President's Message (Jean Aoki)
Bonnie Campbell Keynotes Violence Against Women Forum
State League Convention
Should We Mandate Expenditure Limits? (Robert Y. Watada)
Making Democracy Work
Open Government Coalition (Eve S. Anderson)
E-mail v. Public Officials and the Sunshine Law
United Nations DPI/NGO Conference
Voting Requirements for a Constitutional Convention
Local League News - Hawaii County
Local League News - Honolulu
Local League News - Kauai
State Board Action
Get the Lowdown on the Legislature (Richard Borreca)
LWV of Kauai Wins Award
Fourth Annual Violence Against Women Luncheon Forum
Should We Mandate Expenditure Limits?
Speech by Robert Y. Watada, Executive Director of Campaign Spending Commission
The topic of my short talk today is: "Should we mandate expenditure limits?" Of course, we're talking about spending limits by political candidates.
This past week, two former islanders and their daughter pleaded guilty to making illegal federal campaign contributions. Nora and Eugene Lum started their careers in greasing the political wheels right here in Hawaii. You recall that they were at the center of the controversy on political favors in the very sad case of the Maunawill farmers. Our politicians sold out to the Japanese developer for the campaign contributions. More recently, they were involved with mysterious contributions to a mayoral candidate on behalf of a would-be developer.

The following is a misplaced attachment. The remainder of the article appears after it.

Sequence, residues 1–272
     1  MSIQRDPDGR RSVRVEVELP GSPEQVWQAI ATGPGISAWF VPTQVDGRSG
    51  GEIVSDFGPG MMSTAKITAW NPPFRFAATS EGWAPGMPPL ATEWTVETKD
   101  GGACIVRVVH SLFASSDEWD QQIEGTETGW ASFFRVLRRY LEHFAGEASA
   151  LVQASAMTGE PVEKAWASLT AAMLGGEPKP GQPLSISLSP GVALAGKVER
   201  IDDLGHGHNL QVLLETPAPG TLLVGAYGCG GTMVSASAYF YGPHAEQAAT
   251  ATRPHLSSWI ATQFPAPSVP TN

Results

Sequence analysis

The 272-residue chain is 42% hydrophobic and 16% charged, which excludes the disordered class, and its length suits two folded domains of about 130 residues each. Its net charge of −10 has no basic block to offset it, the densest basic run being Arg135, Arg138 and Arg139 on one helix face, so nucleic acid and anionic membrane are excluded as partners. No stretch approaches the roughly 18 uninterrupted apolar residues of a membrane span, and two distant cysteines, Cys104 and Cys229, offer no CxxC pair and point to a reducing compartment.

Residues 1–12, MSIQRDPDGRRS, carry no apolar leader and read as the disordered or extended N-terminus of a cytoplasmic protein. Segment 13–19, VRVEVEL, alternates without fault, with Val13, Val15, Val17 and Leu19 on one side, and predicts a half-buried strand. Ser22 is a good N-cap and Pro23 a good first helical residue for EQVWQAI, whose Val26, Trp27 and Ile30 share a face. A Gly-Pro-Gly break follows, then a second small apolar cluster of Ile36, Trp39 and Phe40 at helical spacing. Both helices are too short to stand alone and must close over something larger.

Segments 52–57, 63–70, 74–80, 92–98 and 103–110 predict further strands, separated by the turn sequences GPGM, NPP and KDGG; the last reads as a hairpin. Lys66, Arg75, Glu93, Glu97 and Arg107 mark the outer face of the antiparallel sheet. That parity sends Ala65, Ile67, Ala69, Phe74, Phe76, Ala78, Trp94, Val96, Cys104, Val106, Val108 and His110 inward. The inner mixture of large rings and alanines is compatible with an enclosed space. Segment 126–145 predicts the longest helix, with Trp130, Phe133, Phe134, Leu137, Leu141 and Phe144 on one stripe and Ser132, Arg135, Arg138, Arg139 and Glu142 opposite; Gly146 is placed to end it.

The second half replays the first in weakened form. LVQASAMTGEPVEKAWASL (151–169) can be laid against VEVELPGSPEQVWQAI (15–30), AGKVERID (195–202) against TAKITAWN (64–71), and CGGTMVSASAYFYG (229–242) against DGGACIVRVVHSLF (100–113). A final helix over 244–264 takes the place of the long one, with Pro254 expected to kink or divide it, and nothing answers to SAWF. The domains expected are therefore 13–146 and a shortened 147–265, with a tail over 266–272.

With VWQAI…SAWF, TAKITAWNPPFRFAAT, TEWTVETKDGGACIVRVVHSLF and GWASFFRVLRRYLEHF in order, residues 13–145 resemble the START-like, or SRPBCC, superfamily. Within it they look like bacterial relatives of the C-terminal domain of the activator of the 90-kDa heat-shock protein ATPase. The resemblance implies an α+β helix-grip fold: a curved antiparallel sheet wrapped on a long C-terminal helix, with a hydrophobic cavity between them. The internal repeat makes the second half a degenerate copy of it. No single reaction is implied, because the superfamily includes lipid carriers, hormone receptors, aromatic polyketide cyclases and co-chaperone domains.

Interesting, but, so what? The Honolulu Advertiser in an editorial on Friday, May 23, 1997, had this to say about the indictments: "What must not be forgotten is the Lums are products of that cynical system, not the cause of it. As long as unlimited access to money is the key to political success, this kind of thing will go on and on."
What kind of system are we talking about?
It's a system that calls on the acquisition of money as the central objective of any campaign. It's a system that meant spending over a million dollars a day for a year to become president. It's a system that required the three gubernatorial candidates to find and spend over $10 million in 1994. It's a system that will require any viable candidate for governor in 1998 to collect an amount equivalent to over $14,000 a week, every week for four years!
Selling peanuts will not get you $14,000 a week for four years. But, ladies and gentlemen, that's the going rate.